26 Nov

Louisiana Hayride

By  Robert Walton
(0 votes)

(Arthur Schwartz)
Robert Farnon’s arrangement
Analysed by Robert Walton

These days we’re constantly bombarded with attractive specials from supermarkets and shops like “buy one and get one free”. In a Robert Farnon arrangement you get “three for the price of one”. The song comes first (often from the “Great American Songbook”) followed by the actual arrangement and then to top it all it’s full of elements of his own compositions both serious and light. There is no musician on earth who has the ability to mix and match with a sound that is completely unique. He re-invented the word taste. Wherever you happen to land on any of his recordings, even briefly, it’s unmistakably Robert Farnon and often all under 3 minutes. To hear Farnon is to hear an open-minded composer who has absorbed such an enormous amount of music, put it all together and created his own universe. In fact every time I listen to a Robert Farnon arrangement I can’t help feeling Hollywood lost out to his talents (similar to those of MGM’s Conrad Salinger). It’s understandable though because Farnon fell on his feet in so many ways when he came to England and stayed. Of course he was a remainer!

It’s unusual for a songwriter to praise a specific arrangement, but Arthur Schwartz did just that when he personally corresponded with Farnon, singling out Louisiana Hayride from the album “Something To Remember You By” as one of the finest orchestrations and performances he’d ever heard.

Starting straight but soon let loose into swing mode, the first thing I noticed about this brassy piece of big band/light orchestral music is that Farnon keeps the whole thing under control. It could have so easily descended into chaos under another conductor. Also there’s always a temptation with this kind of material to show off. The fact that he kept his cool and made it simple was the very reason that made it attractive.

After a chorus, things begin to warm up with a little Bach-ish like polyphony between the brass and saxes and snatches of the sort of tricky woodwind one might hear in a light orchestral Farnon score. And keeping things moving, a touch of the Ted Heath sound from the saxes. The strings enter for the last time before the drummer (remember Farnon in his youth was one?) keeps the orchestra under strict order with his sticks. There are some echoes of Pete Rugolo in this final section.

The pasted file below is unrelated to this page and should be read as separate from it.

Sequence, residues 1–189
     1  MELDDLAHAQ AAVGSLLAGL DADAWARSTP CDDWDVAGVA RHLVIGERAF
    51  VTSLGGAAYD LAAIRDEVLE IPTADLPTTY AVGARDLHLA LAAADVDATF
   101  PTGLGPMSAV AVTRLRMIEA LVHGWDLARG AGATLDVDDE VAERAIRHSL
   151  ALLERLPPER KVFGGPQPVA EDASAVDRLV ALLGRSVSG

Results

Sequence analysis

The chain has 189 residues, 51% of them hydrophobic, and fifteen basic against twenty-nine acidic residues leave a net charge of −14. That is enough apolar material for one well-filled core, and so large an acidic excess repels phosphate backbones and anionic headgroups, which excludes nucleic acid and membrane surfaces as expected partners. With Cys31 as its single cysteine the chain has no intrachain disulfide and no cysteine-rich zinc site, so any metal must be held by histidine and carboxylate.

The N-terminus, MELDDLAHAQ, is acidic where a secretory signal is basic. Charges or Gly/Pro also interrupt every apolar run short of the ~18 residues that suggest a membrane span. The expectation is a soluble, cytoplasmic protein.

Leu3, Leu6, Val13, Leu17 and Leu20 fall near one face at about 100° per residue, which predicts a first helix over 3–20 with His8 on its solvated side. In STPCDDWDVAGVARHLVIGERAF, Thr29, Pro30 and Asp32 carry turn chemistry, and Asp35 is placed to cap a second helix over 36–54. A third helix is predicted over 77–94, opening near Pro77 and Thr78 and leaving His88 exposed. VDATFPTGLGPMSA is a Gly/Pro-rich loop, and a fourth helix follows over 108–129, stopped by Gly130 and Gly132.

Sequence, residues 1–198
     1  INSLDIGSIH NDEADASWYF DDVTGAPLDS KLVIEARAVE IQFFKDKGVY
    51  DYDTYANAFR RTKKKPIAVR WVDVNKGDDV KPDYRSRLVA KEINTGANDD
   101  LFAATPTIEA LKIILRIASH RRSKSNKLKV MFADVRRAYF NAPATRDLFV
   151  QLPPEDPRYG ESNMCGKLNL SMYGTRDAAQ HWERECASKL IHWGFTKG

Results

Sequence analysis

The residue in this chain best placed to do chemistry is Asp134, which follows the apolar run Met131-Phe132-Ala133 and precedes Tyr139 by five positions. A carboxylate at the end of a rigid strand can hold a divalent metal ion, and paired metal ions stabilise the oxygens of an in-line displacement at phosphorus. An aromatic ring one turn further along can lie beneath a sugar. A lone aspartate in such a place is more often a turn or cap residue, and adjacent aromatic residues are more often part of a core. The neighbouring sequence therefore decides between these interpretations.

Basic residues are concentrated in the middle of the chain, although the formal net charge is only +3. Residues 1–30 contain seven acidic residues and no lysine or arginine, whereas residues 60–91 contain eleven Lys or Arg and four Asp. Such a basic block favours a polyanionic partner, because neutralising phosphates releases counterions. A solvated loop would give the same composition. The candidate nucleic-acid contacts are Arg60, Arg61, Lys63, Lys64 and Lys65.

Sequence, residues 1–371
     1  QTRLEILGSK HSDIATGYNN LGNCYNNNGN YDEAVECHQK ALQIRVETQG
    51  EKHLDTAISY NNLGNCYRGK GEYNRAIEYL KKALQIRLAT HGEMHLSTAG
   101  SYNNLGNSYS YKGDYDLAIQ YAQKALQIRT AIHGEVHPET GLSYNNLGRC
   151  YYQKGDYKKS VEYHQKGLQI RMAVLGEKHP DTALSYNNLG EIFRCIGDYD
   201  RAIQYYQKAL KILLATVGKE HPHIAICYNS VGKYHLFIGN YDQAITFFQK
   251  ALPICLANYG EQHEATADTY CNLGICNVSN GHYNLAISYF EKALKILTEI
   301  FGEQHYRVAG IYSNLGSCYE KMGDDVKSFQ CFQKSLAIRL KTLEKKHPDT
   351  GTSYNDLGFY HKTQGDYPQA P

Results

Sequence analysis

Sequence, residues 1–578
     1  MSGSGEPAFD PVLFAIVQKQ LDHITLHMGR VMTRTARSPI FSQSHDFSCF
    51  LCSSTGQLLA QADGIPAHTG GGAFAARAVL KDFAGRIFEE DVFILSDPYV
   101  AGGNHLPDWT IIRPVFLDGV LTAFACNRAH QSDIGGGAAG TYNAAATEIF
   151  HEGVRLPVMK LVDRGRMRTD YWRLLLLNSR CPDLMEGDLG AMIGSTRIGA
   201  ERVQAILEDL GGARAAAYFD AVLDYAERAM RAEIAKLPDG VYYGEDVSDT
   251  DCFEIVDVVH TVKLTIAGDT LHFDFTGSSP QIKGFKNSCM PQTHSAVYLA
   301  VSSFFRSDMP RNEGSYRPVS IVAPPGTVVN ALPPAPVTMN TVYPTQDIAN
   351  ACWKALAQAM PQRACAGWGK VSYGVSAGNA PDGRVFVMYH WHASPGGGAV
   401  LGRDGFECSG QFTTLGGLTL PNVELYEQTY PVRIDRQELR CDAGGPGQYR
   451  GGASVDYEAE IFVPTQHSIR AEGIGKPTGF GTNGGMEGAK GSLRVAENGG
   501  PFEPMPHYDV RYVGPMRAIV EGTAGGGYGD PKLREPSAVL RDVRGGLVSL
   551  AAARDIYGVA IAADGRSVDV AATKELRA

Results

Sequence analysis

Robert Farnon has always been associated with strings but let’s not forget his brilliance with brass and wizardry with woodwind. In fact the whole orchestra is his world.

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1 comment

  • William Zucker posted by William Zucker Saturday, 12 September 2020 05:16

    For some time, I have realized that the best arrangers and composers of light music selections had a complete classical music training, in the sense that their best work betrays this solid background in the form of structural integrity and solid harmonic functioning. These contributory factors provide the intended illusion that an arrangement of a song as presented to us is meant to be so heard and is inconceivable presented in any other manner.

    This sort of presentation, of course, will delight a devotee of classical music, and will draw the attention in exactly the same manner, as this is not and should not be considered as background music piped through in restaurants, shopping malls, airline and train terminals, or even in lavatories.

    Many of these arrangers in addition have made a study of various types of popular dance music, such as that of the big bands from the 30's, 40's and 50's, or the Latin bands from the same periods, and when partaking of these genres, have still managed to display classical elements in their work, which could only render their product that much stronger.

    I bring this out merely to mention that Robert Farnon, while an outstanding example of what I'm referring to, is by no means the only figure to have turned in different directions within their output, and at times even within the same selection. To name just a few examples, we have Camarata, who from his compositions alone displays an enormous variety and range, from serious compositions such as "Evening Mist," "Tall Trees," and Pizzicato Rhumba" to the dance band/jazz-like "Fingerbustin'" or the "Rhapsody for Saxophone" which falls in between, or the raucously Latin "Brasiliero" which despite the heavy overlay of Latin rhythms, has in places harmonic movements that might well have been learned from Rimsky-Korsakov's "Manual on Harmony." and quite expertly done at that. Or by the same token we have Percy Faith, whose work similarly exhibits a wide range, with classically sounding selections such as "Perpetual Notion,' or his arrangement of "My Shawl" where these classical elements similarly betray themselves, to the swing-like arrangement of "What is this thing called Love" or his composition "Carefree." All these characteristics are well in evidence in all of his original selections and arrangements, and in some of my previous articles it gave rise to my comment that Percy Faith's arrangements of Latin music were so expert, considering that he was altogether a non-Latin, that all other purveyors in this field such as Xavier Cugat, Perez Prado, Noro Morales, Edmondo Ros and even Stanley Black, could well afford to step aside for him, high as the quality of their own work may have been.